The upshot, in this case, is a kind of invisible breakdown in our constitutional system. If Trump had taken strong steps over the past two months to limit the spread of COVID-19, those steps could have been tested for conformity with individual liberties, federalism principles, and the separation of powers, as well as relevant statutes. Yet by jeopardizing our national security through inaction, Trump has insulated himself from legal scrutiny or accountability.
Only one institution can remedy this breakdown. In area after area where government intervention might be useful, Congress has the power, under Article I of the Constitution, to compel the executive branch to act.
Recognizing as much, congressional Democrats have introduced bills that would require the executive branch to oversee the production of specific quotas of N95 face masks, face shields, and ventilators. The Defense Production Act of 1950 already empowers the president to do what is “necessary to create, maintain, expedite, expand, protect, or restore production and deliveries or services essential to the national defense,” but Trump did not utilize this power at all until March 27 (he invoked it again last Friday), and even then in a limited manner that falls far short of what many experts recommend. The new bills would give him no choice but to press harder….’
Congress could become incapacitated either by members contracting coronavirus or their reluctance to assemble and risk contagion. Remote voting might be an answer, given surmounting the technological and security challenges. But constitutionality is also a serious barrier, raising the danger of implementing a novel process at risk of being struck down by court challenge. Provisions of the Constitution are open to the interpretation that lawmakers are required to gather together in a single location, the Founding Fathers of course unable to be be faulted for not anticipating cyberspace or virtual reality. However, legislative bodies are empowered to establish their own rules about how votes are to be cast. Democrats worry that the Supreme Court under Roberts would not agree with this argument, especially given the vastly increased tendency of this Court to overturn precedent. The author suggests a mechanism of getting an advisory ruling on the constitutionality of remote voting before a test case is brought, so that the partisan Court would not be considering a specific legal provision that one party supports and the other opposes. However, although used on the state level, Federal advisory opinions are currently unconstitutional and would require an amendment to permit them.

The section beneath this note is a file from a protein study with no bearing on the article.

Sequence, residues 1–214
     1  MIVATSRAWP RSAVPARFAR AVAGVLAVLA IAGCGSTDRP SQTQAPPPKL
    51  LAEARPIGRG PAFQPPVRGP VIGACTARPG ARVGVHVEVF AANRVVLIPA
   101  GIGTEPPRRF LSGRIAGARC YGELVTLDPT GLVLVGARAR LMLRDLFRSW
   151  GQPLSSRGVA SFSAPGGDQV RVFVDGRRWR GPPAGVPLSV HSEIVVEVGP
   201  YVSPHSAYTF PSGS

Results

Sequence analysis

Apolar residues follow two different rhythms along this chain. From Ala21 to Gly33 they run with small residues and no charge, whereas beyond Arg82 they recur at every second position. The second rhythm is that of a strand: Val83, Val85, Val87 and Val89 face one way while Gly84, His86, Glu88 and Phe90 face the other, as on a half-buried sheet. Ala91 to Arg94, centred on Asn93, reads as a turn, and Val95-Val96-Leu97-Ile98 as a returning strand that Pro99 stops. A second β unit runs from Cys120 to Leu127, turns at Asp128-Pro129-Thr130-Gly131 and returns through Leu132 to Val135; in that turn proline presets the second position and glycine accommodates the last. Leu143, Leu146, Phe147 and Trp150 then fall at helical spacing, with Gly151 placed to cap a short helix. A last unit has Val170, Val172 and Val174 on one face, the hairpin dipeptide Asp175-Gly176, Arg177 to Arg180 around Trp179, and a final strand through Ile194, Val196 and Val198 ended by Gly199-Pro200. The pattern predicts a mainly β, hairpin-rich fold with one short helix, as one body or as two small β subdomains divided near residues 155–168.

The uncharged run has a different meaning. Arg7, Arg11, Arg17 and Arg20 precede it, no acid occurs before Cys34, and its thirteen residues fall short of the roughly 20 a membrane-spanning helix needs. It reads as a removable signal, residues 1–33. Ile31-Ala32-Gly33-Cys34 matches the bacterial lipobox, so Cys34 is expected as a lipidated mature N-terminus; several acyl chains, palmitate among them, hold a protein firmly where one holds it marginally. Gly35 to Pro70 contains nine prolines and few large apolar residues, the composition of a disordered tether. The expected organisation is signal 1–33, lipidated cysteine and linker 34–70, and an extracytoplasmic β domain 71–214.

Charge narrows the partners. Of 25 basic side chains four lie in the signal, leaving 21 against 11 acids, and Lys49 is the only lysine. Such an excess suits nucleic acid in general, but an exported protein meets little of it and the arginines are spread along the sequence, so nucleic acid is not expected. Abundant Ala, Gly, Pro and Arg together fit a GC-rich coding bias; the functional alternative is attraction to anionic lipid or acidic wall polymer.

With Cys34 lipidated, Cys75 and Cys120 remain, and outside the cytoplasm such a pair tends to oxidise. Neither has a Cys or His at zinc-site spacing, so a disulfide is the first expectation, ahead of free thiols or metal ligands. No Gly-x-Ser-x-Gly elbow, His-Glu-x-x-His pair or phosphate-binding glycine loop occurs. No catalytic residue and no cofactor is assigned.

As the coronavirus pandemic grows, it brings a secondary, economic disaster—unemployment, small business closings, local government budget shortfalls. Given the way our economy is structured, widespread job losses and plummeting consumer demand trigger a whole lot of suffering. But, as philosopher Barbara Muraca explained in 2013, the activist and scholarly movement known as degrowth is building a vision of a society where economies would get smaller by design—and people would be better off for it.